- For single stage incubators:

Humidity management is different. Indeed, in the first 8 days of incubation, a high level of humidity allows greater osmosis between egg white and egg yolk, thereby enabling the embryo to feed, and consequently grow. Therefore, this high humidity should be promoted in order to accelerate the development of the future chick. Later, as soon as the heart is functional, blood circulation takes over and ambient humidity should be brought down to a level between 50% and 55% so as to achieve the standard loss at the end of the cycle.

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3. Ventilation

- For multiple stage incubators:

Air provision in the incubator is constant and approximately 0.14 m3/minute/1000 eggs, adjusted so that the volume of carbon dioxide does not exceed 0.4%.

- For single stage incubators:

The incubator can be programmed according to the needs of future chicks in carbon dioxide and oxygen, depending on the age of breeders and storage time.

Figure 4: Gasses during embryonic development (Pr DECUYPERE)

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Single-stage incubation is the most recent and sophisticated mode of incubation, and yet the least widespread to date. However, there are some clear advantages over the traditional multiple-stage machines.

Sanitary Advantage

With the “all in, all out” technique, single-stage incubation allows disinfection every 18 days (“all in/all out”), whereas multiple-loading incubators are rarely empty. Moreover, no opening of the incubator occurs until transfer.

Better Control of Incubation and Grouping of Hatches

Temperature, humidity and air composition are well controlled and adjusted to the needs at each embryonic development stage, which enables optimization of chick quality and hatchability rate. With multiple loading, this can be very hard to achieve with heavy broiler strains for example, as these may show an up-to-2°C difference in shell temperature between eggs of a same tray.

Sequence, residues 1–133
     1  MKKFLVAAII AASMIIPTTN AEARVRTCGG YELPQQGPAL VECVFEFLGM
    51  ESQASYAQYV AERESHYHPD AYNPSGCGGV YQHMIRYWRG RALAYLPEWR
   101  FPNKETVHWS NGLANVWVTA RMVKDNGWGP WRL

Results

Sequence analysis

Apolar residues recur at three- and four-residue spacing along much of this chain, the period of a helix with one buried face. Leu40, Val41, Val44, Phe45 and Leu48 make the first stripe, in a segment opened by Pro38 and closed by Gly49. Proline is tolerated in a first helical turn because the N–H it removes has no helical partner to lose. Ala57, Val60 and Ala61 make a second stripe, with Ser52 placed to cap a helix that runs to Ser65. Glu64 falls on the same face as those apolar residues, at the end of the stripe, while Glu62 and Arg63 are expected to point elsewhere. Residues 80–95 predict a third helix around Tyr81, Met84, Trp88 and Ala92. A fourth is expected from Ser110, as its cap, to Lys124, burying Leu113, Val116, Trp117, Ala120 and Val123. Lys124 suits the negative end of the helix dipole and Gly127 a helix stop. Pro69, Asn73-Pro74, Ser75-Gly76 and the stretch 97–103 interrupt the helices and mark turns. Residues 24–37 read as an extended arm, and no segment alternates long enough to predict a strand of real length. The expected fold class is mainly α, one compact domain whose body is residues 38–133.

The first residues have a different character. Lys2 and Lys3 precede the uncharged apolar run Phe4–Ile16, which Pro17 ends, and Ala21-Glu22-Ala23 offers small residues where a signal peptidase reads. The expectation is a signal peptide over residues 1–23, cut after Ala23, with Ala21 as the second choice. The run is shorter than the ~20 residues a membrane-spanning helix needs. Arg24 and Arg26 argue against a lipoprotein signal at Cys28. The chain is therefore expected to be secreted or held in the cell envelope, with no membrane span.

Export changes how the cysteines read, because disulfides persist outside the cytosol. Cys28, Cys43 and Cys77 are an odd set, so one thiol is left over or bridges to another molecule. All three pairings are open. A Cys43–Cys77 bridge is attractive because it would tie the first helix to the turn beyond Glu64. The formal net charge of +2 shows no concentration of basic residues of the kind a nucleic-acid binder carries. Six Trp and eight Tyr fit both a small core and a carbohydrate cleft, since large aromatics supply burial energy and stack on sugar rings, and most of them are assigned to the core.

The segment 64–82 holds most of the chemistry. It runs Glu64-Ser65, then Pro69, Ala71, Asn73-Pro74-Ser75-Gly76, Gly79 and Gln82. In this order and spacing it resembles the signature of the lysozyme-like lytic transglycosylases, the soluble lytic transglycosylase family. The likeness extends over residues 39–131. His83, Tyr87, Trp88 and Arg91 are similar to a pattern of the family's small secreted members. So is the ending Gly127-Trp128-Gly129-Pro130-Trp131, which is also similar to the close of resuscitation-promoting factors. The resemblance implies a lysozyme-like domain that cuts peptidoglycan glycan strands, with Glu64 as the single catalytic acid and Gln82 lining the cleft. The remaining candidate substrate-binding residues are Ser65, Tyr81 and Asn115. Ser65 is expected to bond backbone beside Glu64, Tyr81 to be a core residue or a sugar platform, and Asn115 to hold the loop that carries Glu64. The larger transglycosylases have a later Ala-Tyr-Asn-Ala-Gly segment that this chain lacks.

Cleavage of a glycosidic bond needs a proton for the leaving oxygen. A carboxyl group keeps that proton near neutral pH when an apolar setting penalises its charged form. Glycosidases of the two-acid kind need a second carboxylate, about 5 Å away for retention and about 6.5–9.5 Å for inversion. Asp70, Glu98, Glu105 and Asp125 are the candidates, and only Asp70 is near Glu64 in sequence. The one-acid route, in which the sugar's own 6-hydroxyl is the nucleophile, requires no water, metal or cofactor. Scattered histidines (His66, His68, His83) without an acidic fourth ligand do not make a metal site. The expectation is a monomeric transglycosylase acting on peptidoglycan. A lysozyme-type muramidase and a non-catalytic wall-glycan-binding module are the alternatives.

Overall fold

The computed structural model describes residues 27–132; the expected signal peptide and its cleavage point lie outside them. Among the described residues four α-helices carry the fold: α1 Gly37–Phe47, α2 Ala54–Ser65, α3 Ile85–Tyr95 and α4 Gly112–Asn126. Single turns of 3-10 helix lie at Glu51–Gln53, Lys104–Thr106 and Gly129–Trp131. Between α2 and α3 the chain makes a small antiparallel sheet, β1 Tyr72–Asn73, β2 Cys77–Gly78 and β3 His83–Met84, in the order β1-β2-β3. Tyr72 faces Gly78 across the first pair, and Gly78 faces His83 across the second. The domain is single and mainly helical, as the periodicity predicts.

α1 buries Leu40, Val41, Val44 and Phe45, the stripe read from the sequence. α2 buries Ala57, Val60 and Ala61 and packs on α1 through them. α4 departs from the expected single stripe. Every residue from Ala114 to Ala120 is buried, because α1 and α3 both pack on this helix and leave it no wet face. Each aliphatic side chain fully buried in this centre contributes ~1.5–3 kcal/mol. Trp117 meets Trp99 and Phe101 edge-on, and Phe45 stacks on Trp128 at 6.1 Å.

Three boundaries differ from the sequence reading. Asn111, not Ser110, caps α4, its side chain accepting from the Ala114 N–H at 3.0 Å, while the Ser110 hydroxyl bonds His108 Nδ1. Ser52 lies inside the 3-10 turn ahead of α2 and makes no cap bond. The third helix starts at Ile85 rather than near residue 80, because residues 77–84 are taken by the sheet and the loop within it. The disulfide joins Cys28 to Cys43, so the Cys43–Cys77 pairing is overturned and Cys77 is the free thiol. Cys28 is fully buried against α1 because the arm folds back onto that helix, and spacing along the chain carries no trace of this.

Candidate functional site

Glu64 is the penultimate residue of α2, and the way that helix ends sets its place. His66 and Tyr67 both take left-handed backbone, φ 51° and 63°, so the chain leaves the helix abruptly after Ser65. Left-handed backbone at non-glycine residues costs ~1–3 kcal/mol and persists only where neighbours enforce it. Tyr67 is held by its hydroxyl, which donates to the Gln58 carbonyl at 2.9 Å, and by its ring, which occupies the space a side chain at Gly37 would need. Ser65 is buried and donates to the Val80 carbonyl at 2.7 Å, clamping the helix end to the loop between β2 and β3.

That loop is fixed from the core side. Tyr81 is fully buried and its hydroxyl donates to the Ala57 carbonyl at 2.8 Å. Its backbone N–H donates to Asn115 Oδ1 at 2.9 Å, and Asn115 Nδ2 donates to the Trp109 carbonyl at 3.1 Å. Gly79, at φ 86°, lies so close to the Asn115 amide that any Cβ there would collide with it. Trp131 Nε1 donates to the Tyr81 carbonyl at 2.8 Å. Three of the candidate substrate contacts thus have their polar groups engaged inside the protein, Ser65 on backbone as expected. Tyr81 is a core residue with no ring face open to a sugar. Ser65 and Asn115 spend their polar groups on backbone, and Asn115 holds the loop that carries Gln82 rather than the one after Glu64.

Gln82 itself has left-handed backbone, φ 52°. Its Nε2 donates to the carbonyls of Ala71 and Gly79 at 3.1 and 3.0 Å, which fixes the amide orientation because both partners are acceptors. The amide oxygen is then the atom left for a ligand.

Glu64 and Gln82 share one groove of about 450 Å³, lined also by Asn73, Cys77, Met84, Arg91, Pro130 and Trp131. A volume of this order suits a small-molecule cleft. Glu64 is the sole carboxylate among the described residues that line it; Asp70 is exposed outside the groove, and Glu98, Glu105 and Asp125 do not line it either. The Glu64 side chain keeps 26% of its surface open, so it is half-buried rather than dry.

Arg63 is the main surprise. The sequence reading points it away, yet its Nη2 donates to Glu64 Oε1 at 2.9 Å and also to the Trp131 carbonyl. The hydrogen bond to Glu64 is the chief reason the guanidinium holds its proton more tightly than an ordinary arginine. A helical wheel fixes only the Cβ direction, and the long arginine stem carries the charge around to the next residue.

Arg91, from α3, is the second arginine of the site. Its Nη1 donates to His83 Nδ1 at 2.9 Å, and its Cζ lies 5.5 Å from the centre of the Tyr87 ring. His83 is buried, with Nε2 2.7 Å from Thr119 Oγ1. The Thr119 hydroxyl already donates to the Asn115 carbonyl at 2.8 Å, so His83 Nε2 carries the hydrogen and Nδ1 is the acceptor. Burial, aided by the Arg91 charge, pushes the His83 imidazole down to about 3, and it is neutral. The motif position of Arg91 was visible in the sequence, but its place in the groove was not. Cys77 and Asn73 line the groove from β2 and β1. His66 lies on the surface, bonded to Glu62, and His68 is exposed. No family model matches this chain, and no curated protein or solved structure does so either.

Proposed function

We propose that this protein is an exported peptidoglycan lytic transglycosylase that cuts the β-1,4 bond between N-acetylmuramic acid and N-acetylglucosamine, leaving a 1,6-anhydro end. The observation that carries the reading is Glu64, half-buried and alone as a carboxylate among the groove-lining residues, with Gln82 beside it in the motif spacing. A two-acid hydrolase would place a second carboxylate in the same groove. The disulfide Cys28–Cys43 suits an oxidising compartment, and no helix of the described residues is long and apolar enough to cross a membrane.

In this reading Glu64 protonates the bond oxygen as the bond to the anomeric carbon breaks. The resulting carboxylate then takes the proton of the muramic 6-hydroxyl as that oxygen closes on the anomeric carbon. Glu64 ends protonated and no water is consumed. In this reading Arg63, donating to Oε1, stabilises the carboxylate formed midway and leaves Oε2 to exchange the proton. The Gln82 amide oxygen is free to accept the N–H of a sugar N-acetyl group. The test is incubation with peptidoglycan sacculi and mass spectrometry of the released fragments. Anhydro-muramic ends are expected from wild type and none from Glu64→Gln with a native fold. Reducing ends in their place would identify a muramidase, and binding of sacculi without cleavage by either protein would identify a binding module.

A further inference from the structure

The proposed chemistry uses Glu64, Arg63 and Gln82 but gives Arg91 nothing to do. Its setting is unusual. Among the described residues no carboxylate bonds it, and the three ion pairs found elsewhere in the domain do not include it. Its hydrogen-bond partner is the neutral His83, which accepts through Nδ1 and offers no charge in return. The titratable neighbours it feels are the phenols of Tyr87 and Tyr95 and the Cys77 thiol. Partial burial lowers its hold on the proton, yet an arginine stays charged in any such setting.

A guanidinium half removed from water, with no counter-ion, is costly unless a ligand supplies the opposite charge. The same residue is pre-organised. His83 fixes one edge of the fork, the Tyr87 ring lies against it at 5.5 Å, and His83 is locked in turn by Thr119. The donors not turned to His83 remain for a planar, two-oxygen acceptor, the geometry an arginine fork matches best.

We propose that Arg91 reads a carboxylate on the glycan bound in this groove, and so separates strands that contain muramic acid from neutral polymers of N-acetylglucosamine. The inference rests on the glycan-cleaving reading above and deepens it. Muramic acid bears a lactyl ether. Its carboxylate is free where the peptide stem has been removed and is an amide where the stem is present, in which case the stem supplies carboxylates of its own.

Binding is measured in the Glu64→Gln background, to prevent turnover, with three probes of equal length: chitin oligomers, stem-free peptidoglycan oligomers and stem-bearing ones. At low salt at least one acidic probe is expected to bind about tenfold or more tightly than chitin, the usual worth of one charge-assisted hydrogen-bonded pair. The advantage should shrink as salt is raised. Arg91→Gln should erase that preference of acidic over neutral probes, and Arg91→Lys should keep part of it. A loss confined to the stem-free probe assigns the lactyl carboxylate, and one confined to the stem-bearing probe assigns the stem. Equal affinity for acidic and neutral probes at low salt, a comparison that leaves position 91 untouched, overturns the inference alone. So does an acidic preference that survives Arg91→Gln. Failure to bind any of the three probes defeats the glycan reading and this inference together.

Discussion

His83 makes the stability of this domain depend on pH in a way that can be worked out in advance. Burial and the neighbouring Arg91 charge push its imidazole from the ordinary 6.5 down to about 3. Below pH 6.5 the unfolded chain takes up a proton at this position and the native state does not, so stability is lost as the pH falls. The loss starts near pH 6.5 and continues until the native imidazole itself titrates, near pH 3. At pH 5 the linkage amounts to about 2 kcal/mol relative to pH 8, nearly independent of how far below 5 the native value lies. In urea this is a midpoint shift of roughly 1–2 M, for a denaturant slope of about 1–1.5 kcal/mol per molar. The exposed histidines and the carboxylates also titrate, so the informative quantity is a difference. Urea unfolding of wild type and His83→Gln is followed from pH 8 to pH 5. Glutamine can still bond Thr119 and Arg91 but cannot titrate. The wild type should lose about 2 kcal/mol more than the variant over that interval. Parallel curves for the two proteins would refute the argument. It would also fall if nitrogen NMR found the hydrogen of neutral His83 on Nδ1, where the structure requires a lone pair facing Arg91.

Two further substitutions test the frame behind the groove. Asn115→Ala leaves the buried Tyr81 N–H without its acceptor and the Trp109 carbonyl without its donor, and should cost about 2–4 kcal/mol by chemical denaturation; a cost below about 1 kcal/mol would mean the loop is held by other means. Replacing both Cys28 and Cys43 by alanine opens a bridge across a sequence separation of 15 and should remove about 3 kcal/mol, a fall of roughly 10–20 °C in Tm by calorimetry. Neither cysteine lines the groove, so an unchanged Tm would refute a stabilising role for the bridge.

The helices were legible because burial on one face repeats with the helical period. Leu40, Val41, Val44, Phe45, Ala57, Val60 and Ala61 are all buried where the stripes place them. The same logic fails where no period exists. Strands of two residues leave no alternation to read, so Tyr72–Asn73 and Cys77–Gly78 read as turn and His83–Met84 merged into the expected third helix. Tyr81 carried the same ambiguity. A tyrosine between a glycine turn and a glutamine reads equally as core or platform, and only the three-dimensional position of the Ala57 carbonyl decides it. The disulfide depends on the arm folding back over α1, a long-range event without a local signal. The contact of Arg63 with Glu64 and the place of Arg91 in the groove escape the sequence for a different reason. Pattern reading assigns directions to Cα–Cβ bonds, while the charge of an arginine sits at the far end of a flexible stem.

Better Chick Quality

The better availability of nutritive material helps accelerate embryonic development: with a same weight at hatching (same water loss), chicks hatching by this technique have a yolk sac of 1-3 g instead of 5-7 g usually, and their organs are more developed: longer bones, bigger heart (up to 15%) and gut (up to 5%). Mortality is also reduced in the first phase of incubation and around hatching, due to a narrowed spread of hatch.

Drawback: Costly Investment, Costly Energy Consumption

Single-stage incubation requires that the hatchery be equipped with several independent units in order to meet the needs of hatching eggs of different ages; hence an increased “cost per egg”. Although it is possible to reduce ventilation at the beginning of incubation, the total energy cost is higher as heating (during the endothermic phase) and cooling (during the exothermic phase) are performed by the machine only. In fact, this cost seems largely compensated by the sanitary advantages in hatchability rate and chick quality.

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Without any doubt, single-stage system of incubation presents clear advantages over the more traditional multiple-stage system. However, as it happens with any innovation, companies have to evaluate the impact of its adoption on their final results.

The necessary investments and eventually the increase of the energy consumption have to be compared with the possible gains in production. By doing this calculation carefully, companies can find the best solutions for their needs.